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In addition, state law gives him the right to state-court review of the committee's decision. The trial court rejected his claim that the failure to provide a judicial hearing before the involuntary administration of antipsychotic medication violated the Due Process Clause of the Fourteenth Amendment.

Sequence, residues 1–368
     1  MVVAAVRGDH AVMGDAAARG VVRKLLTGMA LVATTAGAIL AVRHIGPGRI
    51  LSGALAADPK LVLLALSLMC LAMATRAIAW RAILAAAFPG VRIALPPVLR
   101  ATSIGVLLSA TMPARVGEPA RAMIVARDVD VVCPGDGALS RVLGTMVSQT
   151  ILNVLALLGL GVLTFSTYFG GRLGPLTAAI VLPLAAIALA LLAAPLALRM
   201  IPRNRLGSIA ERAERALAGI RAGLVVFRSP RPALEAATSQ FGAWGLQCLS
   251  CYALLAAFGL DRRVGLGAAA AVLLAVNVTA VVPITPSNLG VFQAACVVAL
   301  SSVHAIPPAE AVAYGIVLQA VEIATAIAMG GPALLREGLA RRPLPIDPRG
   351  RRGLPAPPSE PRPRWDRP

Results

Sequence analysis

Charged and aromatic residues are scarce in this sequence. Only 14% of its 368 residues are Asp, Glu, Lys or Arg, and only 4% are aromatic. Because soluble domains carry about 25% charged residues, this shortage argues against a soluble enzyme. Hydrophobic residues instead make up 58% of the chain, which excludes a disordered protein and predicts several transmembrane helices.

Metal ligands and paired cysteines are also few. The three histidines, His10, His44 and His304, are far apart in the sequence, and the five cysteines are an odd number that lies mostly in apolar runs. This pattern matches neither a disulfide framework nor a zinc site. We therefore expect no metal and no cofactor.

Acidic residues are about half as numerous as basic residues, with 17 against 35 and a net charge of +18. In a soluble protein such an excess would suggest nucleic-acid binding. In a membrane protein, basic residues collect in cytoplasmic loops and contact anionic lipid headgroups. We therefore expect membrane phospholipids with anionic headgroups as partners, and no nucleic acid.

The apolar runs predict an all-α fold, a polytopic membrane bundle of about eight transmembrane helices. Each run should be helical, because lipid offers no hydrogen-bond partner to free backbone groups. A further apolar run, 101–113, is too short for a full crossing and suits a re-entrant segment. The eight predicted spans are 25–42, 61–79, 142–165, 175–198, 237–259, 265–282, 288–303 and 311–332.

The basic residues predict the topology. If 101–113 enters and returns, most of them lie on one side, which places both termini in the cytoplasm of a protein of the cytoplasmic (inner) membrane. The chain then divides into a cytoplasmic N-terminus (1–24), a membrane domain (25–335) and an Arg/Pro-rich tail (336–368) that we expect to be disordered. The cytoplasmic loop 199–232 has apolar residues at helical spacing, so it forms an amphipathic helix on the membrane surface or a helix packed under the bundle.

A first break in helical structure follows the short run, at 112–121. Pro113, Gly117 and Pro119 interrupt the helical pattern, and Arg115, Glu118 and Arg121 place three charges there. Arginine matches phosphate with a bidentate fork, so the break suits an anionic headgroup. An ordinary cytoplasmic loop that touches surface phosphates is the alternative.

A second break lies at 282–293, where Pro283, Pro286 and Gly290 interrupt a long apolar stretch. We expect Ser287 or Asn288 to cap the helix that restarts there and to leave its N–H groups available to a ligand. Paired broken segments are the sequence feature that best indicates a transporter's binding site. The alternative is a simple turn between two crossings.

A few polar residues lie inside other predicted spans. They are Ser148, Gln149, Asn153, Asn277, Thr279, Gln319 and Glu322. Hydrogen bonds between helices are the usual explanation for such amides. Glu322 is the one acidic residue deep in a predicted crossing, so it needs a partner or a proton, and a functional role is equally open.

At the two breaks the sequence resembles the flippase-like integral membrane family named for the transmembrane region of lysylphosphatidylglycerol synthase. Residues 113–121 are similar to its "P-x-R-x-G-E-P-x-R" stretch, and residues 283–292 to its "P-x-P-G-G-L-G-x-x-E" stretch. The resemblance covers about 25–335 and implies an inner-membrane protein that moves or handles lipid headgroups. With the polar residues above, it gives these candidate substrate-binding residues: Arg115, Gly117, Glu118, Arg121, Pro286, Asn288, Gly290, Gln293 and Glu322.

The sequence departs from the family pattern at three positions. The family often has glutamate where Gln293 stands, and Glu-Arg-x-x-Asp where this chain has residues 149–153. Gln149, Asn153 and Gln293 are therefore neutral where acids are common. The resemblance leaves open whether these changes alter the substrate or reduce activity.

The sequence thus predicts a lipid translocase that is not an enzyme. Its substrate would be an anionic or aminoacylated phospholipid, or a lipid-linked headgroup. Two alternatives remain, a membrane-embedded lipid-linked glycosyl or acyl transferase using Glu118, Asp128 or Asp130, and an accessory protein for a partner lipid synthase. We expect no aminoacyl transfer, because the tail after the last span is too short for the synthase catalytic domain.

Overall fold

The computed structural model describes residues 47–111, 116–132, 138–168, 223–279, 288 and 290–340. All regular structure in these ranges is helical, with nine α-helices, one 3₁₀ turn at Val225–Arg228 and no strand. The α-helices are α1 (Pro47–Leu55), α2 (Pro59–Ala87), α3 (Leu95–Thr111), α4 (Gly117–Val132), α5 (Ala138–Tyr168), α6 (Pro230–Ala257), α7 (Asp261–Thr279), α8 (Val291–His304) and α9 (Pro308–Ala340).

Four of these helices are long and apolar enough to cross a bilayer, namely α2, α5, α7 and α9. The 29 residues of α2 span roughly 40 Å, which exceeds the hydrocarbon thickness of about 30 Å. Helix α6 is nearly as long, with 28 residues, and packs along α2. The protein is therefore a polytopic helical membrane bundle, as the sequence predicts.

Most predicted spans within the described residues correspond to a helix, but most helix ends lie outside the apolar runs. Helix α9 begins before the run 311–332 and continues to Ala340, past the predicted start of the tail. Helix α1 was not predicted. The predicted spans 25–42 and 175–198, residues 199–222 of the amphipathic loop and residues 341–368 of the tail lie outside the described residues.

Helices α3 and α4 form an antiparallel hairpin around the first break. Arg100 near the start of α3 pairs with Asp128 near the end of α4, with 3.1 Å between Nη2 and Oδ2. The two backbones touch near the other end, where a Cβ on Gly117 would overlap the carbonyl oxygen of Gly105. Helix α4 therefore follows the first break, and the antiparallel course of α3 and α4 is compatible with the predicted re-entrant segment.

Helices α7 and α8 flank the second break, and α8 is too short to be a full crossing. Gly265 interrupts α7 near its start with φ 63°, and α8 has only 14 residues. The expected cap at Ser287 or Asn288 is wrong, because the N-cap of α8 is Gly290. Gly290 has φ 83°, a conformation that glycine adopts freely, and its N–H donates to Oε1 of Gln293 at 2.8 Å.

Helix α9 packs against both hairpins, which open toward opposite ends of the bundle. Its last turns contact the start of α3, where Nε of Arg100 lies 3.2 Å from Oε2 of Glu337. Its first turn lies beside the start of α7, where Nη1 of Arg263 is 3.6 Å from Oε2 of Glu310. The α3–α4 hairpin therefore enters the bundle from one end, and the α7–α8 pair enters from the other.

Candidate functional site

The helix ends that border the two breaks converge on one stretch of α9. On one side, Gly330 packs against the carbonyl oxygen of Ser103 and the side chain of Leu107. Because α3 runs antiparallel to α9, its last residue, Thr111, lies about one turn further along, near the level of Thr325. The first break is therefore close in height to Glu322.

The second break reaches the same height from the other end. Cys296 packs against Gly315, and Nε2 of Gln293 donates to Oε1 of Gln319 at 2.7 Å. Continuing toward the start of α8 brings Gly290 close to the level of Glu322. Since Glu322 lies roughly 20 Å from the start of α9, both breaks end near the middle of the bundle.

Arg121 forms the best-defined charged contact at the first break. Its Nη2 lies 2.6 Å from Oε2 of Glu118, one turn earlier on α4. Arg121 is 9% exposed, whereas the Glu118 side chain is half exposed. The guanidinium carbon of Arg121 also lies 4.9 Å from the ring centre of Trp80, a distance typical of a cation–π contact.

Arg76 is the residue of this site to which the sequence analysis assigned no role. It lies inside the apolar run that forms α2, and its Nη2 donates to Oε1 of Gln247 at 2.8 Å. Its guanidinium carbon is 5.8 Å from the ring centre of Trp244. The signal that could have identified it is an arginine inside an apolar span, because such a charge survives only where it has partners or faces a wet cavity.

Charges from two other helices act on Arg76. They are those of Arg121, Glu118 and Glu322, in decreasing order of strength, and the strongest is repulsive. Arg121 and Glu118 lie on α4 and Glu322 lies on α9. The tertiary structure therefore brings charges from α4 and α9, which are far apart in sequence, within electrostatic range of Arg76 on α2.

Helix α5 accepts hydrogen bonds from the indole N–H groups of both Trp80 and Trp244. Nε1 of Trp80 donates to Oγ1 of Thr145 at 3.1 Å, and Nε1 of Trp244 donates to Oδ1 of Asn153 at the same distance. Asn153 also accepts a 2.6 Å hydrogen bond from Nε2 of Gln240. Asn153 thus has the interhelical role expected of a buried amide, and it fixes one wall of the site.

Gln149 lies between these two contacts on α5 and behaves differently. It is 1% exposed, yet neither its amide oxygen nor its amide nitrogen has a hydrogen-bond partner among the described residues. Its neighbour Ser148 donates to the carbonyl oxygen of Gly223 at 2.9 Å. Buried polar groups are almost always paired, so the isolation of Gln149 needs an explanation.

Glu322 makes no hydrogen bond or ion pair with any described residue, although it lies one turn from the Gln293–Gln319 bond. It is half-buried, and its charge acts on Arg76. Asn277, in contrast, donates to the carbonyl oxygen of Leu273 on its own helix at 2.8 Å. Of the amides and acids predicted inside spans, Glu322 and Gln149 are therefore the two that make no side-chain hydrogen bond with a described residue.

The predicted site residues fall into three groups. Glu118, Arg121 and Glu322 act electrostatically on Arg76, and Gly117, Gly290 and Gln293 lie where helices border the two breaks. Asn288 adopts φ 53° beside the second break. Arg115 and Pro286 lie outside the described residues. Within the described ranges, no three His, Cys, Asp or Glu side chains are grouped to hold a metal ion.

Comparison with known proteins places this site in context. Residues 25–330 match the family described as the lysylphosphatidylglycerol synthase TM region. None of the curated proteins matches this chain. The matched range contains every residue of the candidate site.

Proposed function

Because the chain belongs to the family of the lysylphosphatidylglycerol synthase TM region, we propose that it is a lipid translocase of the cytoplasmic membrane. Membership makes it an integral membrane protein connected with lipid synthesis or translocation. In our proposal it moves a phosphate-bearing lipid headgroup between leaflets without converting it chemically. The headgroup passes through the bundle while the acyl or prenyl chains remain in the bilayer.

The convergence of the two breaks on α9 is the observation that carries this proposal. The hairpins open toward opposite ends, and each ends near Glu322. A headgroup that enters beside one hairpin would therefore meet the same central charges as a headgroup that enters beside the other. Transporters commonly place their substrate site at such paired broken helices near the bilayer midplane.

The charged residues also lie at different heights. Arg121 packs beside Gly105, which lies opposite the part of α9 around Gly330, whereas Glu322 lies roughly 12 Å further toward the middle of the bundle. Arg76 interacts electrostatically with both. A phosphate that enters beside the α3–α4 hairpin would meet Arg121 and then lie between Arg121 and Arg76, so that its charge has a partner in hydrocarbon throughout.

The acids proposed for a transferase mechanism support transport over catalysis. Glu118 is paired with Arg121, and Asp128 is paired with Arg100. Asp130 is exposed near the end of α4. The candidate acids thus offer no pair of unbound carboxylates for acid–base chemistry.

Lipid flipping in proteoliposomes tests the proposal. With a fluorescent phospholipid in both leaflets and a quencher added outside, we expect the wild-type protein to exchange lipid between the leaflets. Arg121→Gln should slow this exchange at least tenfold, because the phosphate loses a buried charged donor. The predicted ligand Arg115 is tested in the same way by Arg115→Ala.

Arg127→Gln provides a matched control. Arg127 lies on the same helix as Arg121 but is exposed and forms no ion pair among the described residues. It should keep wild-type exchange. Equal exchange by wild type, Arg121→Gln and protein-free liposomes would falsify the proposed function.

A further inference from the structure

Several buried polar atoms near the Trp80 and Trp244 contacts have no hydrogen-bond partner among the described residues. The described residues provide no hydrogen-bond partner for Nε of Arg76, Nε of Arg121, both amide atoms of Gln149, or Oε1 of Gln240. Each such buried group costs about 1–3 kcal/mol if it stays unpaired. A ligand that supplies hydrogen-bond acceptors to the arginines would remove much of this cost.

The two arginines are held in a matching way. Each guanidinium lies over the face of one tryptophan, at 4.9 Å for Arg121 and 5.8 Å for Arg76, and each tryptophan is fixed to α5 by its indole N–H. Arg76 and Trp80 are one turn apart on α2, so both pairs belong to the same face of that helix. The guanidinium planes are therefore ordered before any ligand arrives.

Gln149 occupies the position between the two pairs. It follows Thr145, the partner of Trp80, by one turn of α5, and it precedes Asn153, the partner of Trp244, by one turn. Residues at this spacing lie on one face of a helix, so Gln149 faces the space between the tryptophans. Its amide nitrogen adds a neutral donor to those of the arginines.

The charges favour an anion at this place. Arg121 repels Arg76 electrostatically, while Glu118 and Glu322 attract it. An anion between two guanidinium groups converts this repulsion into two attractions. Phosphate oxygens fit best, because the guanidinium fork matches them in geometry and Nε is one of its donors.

The treating physician then sought to medicate respondent over his objections, pursuant to SOC Policy 600.30. If the committee determines by a majority vote that the inmate suffers from a mental disorder and is gravely disabled or dangerous, the inmate may be medicated against his will, provided the psychiatrist is in the majority. In this case, respondent was absent when members of the Center staff met with the committee before the hearing. The Policy under review requires the State to establish, by a medical finding, that a mental disorder exists which is likely to cause harm if not treated. J., and WHITE, BLACKMUN, O'CONNOR, and SCALIA, JJ., joined. Most of that time, respondent was housed in the prison's mental health unit, where he consented to the administration of antipsychotic drugs. At the Center, psychiatrists first diagnosed respondent as suffering from a manic-depressive disorder. First, if a psychiatrist determines that an inmate should be treated with antipsychotic drugs but the inmate does not consent, the inmate may be subjected to involuntary treatment with the drugs only if he (1) suffers from a "mental disorder" and (2) is "gravely disabled" or poses a "likelihood of serious harm" to himself, others, or their property. Fourth, after the initial hearing, involuntary medication can continue only with periodic review. Antipsychotic drugs, sometimes called "neuroleptics" or "psychotropic drugs," are medications commonly used in treating mental disorders such as schizophrenia. At first, respondent gave voluntary consent to treatment, including the administration of antipsychotic medications. Only a psychiatrist may order or approve the medication. When respondent first refused medication, a committee, again composed of a nontreating psychiatrist, a psychologist, and the Center's Associate Superintendent, was required to review an inmate's case after the first seven days of treatment. Upon full consideration of the state administrative scheme, however, we find that the Due Process Clause confers upon respondent no greater right than that recognized under state law. This sufficiently overcomes the claim of mootness in the circumstances of the case and under our precedents. The court, however, did more than establishjudicial procedures for making the factual determinations called for by Policy 600.30. Ed.2d 675 (1983), we held that Pennsylvania had created a protected liberty interest on the part of prison inmates to avoid administrative segregation by enacting regulations that "used language of an unmistakably mandatory character, requiring that certain procedures 'shall,' 'will,' or 'must' be employed, and that administrative segregation will not occur absent specified substantive predicatesviz., 'the need for control,' or 'the threat of a serious disturbance.' " Id., at 471-472, 103 S. It required that a different set of determinations than those set forth in the Policy be made as a precondition to medication without the inmate's consent.